Watchdogs say House muzzling staffers North County Times - North San Diego and Southwest Riverside County News


Two congressional watchdog groups are accusing House leaders of trying to minimize the ethics scandals plaguing Washington Republicans by muzzling staffers who worked for former U.S. Rep. Randy "Duke" Cunningham, who resigned after admitting he took millions in bribes.

When the North County Times requested interviews last week with two of Cunningham's former staffers, the workers said they were under orders from the House clerk's office not to speak to reporters.

"I am not allowed to talk to the press; because of the clerk, I can't give interviews," Cunningham's former chief of staff Harmony Allen said last week when questioned about how the scandal has affected the lives of the fallen congressman's former staff members.

A House policy prohibits staff members in a vacated office from speaking with the press without approval from the clerk, said Jon Brandt, a spokesman for the Committee on House Administration. He later e-mailed a copy of that policy to the North County Times.

Brandt said that because interviews with former Cunningham staffers could touch on areas relating to the business of the 50th Congressional District office at the time it was under Cunningham's command, "the decision has been made that no" interviews will be allowed, he said.

Brandt said the rule has existed since before Republicans become the majority in the House in 1995.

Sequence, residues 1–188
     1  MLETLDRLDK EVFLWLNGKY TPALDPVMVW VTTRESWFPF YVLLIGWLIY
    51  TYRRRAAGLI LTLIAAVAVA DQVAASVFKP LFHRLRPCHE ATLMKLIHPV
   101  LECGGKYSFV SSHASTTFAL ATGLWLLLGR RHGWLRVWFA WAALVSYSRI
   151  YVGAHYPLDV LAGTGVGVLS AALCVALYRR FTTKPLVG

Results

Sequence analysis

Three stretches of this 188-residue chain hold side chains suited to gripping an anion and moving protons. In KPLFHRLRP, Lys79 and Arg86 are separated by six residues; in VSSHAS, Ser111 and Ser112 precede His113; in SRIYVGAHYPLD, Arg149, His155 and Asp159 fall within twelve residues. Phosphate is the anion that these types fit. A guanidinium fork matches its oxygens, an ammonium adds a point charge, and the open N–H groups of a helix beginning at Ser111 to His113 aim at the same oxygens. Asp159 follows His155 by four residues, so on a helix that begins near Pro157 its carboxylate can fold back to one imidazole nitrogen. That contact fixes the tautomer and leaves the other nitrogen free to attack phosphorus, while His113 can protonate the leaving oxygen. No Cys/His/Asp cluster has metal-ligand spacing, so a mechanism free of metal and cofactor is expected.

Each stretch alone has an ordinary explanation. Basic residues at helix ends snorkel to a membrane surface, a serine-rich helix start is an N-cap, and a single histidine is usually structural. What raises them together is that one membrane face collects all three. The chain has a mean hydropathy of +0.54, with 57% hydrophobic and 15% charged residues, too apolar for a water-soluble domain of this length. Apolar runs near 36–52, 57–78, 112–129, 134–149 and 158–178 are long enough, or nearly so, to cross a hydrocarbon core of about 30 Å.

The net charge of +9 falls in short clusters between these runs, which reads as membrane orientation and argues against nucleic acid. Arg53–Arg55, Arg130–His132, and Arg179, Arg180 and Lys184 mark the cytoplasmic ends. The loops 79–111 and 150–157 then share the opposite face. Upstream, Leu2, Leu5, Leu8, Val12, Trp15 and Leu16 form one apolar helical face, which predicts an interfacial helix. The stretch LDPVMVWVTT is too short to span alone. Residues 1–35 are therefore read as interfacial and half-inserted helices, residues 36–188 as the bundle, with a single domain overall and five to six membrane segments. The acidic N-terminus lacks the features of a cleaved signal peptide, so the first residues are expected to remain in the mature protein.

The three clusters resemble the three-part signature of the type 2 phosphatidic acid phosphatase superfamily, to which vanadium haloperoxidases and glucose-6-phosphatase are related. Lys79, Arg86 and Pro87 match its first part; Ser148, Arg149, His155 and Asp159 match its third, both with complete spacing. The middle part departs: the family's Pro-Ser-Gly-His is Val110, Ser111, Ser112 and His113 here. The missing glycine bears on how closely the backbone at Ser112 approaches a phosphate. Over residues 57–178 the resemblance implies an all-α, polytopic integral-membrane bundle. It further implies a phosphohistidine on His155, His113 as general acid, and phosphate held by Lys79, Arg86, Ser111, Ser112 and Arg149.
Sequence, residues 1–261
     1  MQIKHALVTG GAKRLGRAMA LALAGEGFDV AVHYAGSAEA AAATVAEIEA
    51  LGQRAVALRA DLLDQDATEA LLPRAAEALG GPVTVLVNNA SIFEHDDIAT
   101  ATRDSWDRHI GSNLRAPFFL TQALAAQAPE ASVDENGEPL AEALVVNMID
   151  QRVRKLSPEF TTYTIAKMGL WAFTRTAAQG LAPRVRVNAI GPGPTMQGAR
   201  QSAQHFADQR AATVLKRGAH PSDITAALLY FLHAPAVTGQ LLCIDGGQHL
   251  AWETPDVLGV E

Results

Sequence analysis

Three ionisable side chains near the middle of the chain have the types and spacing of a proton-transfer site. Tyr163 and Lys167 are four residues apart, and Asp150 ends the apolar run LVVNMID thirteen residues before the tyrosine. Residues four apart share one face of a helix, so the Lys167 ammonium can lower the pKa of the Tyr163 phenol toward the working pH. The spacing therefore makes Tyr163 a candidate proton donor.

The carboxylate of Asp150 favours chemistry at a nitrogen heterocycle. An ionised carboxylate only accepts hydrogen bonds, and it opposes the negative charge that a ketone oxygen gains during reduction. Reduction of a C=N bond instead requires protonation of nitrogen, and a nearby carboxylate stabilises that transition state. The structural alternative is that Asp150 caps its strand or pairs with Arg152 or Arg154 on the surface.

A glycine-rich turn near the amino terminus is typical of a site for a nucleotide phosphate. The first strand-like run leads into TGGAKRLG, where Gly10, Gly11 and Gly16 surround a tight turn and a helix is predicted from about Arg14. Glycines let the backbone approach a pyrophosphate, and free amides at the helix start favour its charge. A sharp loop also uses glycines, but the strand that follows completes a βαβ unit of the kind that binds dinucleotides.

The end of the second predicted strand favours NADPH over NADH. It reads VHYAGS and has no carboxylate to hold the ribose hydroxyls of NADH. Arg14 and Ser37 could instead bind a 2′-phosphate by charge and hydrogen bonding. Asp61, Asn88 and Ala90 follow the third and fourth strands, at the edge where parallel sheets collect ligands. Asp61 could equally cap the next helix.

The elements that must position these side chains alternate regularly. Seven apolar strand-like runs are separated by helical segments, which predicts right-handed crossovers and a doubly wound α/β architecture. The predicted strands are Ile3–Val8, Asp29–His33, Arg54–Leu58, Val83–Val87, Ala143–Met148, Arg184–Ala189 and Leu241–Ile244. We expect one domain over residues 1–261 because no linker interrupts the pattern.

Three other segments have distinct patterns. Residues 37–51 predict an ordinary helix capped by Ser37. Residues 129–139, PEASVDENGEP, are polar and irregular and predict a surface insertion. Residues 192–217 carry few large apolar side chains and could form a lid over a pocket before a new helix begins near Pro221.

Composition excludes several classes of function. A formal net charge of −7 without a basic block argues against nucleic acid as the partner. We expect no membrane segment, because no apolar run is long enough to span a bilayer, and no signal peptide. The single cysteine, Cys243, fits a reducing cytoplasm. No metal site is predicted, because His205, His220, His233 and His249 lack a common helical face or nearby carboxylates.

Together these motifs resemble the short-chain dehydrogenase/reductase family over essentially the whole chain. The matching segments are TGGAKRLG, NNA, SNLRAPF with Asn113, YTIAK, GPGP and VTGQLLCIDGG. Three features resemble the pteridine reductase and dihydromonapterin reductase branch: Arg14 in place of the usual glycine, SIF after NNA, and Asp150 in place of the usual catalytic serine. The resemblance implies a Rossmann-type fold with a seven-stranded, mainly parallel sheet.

"We are not trying to be (uncooperative), it's just standard operating procedure," Brandt said.

He said that once a replacement takes office in the 50th District, staffers would be free to speak to the press.

A spokesman for Washington-based congressional watchdog group Public Citizen said he believed House Republican leaders were inappropriately restricting access to the press and thus cheating the public of learning more about Cunningham's conduct in office.

"This is a self-serving political gag order and designed to protect the image of the House and specifically Republican members," said Craig Holman of the group, described as a nonprofit organization that "advocates" for consumers.

After Cunningham resigned from office late last year and pleaded guilty in federal court to bribery and tax evasion, most of his staff members continued to work at the 50th District office, which represents a stretch of North County from Escondido to Del Mar.

But once Cunningham, a Vietnam War ace, stepped down, the House of Representatives' office of the clerk took over the management of his office. Former Cunningham staffers may continue to work in that office until a temporary replacement is elected this spring to serve out the remainder of the term, which is up in December.

Brandt said that those who ignore orders not to speak with the press would have to face the consequences.

"If they violate (the) policy, that is their decision and they will have to answer to the clerk's office," Brandt said.

Holman said that before Cunningham's guilty pleas it clearly was appropriate to prevent staffers from speaking with the press on the ground that the criminal investigation might be jeopardized.

But once Cunningham entered guilty pleas, everything changed, Holman said.

On Monday, a spokeswoman for another Washington watchdog group echoed Holman's statements.

"By denying transparency, which is a purported goal of this Congress, through restricted access to (former U.S.) Rep. Cunningham's staff, the committee has eliminated any chance for insight into the inner workings of Cunningham's office of corruption," said Naomi Steiner, a spokeswoman for Citizens for Responsibility and Ethics in Washington, a group that uses the legal system to go after politicians they label as corrupt. The group is led by a former federal prosecutor who worked for several Democratic House members prior to joining the U.S. attorney's office in Washington, D.C.


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